Recently, I allowed myself to relive all the stress of being a high school senior in the college application process. I visited ecampustours.com, which contains hundreds of pictures of college campuses nationwide. But the picture of the Student Center’s food court on the site is mystifying. There are no lines for anything. The floor is so clean it sparkles. It is a portrayal of the campus dining experience that is far from reality.
The Student Center’s food court is officially the Valaida S. Walker Dining Court. Its stations use misnomers such as “Sizzling Salads,” “Charleston Market” and “Good To Go” to mislead the public into believing the food actually is of restaurant-like quality.
While the Student Center has revitalized itself this year with the long overdue options of brick oven sandwiches and the “new and improved” pasta station, the change overlooks the thing that characterizes college life – being broke.
The price of each meal, $4.60 for breakfast and $5.75 for lunch and dinner, can buy a lot – if you’re not buying from the food court. Most meals cost almost as much as the meal plan. If lucky, you may be able to squeeze in a small beverage.
While walking around the food court, I overheard complaints that a brick oven sandwich and a 20-ounce beverage will total to $5.80, five cents over the meal plan limit. Coincidentally, I found a nickel on the ground as I was leaving the building.
Street vendors continually tantalize students by offering competitive rates. A slice of cheese pizza is $1.70 at the food court. A slice of cheese pizza and a 12-ounce can of soda is $2 at Fame’s Pizza on 11th and Berks. Vendors sell sandwiches for as little as $2. Many vendors also accept Diamond Dollars. If they were able to take meal plans as well, the food court and the Johnson & Hardwick cafeteria would lose a considerable amount of business.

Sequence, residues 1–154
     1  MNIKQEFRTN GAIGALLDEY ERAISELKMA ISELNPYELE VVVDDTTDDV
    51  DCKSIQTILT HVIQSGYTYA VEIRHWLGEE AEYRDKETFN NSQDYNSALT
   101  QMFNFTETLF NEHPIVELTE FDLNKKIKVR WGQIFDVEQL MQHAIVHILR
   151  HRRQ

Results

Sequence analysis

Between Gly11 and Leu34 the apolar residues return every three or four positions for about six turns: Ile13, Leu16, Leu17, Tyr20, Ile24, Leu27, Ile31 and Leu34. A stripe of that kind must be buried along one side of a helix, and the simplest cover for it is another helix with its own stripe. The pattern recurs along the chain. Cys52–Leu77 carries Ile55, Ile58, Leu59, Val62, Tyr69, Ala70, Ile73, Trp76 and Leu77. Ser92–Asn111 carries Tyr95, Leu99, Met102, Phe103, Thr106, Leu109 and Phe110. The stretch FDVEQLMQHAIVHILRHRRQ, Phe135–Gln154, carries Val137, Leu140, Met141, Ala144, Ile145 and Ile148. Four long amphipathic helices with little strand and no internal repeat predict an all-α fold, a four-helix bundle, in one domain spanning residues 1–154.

The Louis J. Esposito Dining Court cafeteria, nicknamed “the caf,” is the only place on campus to get the most for your money. But its buffet-style servings allow students to easily gain the notorious “freshman 15.” Allowing students to take food out of the caf, without devising plans to sneak it out, would be beneficial to those who choose not to sit in uncomfortable chairs next to screaming students.
The caf does have the advantage over the Student Center’s food court in terms of hours. It’s open until midnight six days a week, while the food court closes at 8 p.m. during the week and 7:30 p.m. on the weekends. The food court should stay open until 9 p.m. or 9:30 p.m. to accommodate students living on campus who eat at all hours of the day and night.
Main campus has seen an increase in the number of food options over the past three years with the additions of 7-Eleven, Dunkin’ Donuts, Togo’s, Baskin Robbins, Cinnabon, Taco Bell and Wendy’s. While these dining locations meet the needs of busy college students who don’t always have time to sit down and eat a meal, they also neglect those who prefer not to have saturated fat with a side of cholesterol as a meal.
The only healthy options on campus are “The Deli” in the food court, Tuttleman’s Fresh Bytes café and Togo’s. Unfortunately, only the food court takes meal plans. Spending $5 on a sandwich on a regular basis is too much of a burden for those with limited Diamond Dollars.
The next time you have an extra $5, go to the grocery store and buy a loaf of bread and a pack of lunchmeat. The two items combined will be less than $5, and will last a lot longer than one overpriced meal from the Student Center.
Stephanie Young can be reached at firstname.lastname@example.org.